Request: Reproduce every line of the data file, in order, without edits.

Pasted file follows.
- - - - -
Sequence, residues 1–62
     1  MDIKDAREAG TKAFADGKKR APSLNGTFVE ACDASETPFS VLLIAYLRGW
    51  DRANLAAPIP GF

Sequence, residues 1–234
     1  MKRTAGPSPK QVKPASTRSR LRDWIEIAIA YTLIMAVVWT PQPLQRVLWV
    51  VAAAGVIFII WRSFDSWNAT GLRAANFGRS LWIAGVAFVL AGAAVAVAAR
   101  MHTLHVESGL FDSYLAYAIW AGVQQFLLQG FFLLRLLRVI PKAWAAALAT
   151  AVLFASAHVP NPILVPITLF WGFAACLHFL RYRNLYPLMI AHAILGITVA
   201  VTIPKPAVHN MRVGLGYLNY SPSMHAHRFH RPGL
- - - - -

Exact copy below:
Sequence, residues 1–62
     1  MDIKDAREAG TKAFADGKKR APSLNGTFVE ACDASETPFS VLLIAYLRGW
    51  DRANLAAPIP GF

Sequence, residues 1–234
     1  MKRTAGPSPK QVKPASTRSR LRDWIEIAIA YTLIMAVVWT PQPLQRVLWV
    51  VAAAGVIFII WRSFDSWNAT GLRAANFGRS LWIAGVAFVL AGAAVAVAAR
   101  MHTLHVESGL FDSYLAYAIW AGVQQFLLQG FFLLRLLRVI PKAWAAALAT
   151  AVLFASAHVP NPILVPITLF WGFAACLHFL RYRNLYPLMI AHAILGITVA
   201  VTIPKPAVHN MRVGLGYLNY SPSMHAHRFH RPGL